Taoiseach Enda Kenny yesterday warned of a flight of capital and jobs if Fine Gael and Labour are not returned to government.
Speaking in Co Louth, he outlined his party’s plan to tackle long-term unemployment. Among the proposals is a €27 increase in dole benefit for the newly unemployed. However, it would be scaled back the longer a person is out of work.
Under the plans, jobseekers’ benefit would rise to €215 per week for the first three months a person is out of work.
Payments would drop to €200 per week for the following three months and, after that, a recipient would only be entitled to the standard rate of €188.
Mr Kenny pointed out that voters will have options when it comes to the ballot box on February 26, but some of the options would have consequences.
He said: “There are alternatives, but there are consequences to the alternatives and I do not want to see the flight from this country of either capital or jobs from lack of investment coming in here.
“What you are seeing with difficulties in other countries: Greece is back in recession, Spain hasn’t been able to form a government and there’s difficulties in Portugal because of rising interest rates.”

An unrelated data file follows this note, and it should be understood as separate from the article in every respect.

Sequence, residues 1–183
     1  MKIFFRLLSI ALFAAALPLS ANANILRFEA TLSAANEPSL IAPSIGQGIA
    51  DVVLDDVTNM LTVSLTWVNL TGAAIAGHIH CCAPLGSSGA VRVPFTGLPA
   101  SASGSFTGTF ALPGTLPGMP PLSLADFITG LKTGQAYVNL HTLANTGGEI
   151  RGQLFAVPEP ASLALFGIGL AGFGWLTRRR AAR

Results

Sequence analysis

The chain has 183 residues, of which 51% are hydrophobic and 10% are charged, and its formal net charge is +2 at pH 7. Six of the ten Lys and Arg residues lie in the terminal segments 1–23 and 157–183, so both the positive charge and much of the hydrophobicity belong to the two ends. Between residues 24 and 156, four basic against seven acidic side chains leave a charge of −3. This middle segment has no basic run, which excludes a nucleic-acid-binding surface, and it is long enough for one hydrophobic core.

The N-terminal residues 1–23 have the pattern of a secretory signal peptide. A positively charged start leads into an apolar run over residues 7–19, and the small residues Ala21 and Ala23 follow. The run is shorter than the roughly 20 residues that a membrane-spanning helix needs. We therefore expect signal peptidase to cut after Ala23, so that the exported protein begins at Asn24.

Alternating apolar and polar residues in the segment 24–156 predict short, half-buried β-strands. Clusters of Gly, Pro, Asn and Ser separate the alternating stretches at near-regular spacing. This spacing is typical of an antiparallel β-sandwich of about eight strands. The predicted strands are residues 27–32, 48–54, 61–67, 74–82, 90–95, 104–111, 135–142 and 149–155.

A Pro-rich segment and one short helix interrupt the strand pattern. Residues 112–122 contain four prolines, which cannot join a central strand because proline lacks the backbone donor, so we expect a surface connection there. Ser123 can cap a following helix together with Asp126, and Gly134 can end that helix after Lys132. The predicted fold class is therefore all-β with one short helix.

Although Mr Kenny said the country is in a much stronger position now, he said: “We still have quite a distance to travel and we still have many challenges out there.”
Visiting PayPal in Dundalk, Mr Kenny went on to attack opposition party Fianna Fáil who he said “cannot be trusted” on jobs.
“Not only did their disastrous economic policies cost us 300,000 jobs but they abandoned people on the dole queues and forced tens of thousands of our young people to emigrate.
“Fianna Fáil still has no plan to help the long-term unemployed get off the dole and into work. Instead they want to hike welfare payments without any corresponding policy to make work pay, which will only make it more unaffordable for people to enter work.”
He said that, as the economy continues to recover, the country cannot make the same mistakes as Fianna Fáil did during the boom.
Fine Gael has also vowed to put long-term unemployed people at the top of the jobs queue by making it more attractive for employers to hire these people.
They would also roll out a guarantee scheme for all 18- and 19-year-olds, where an offer of a work placement, continued education, apprenticeships, or training would be made available within four months of leaving education.
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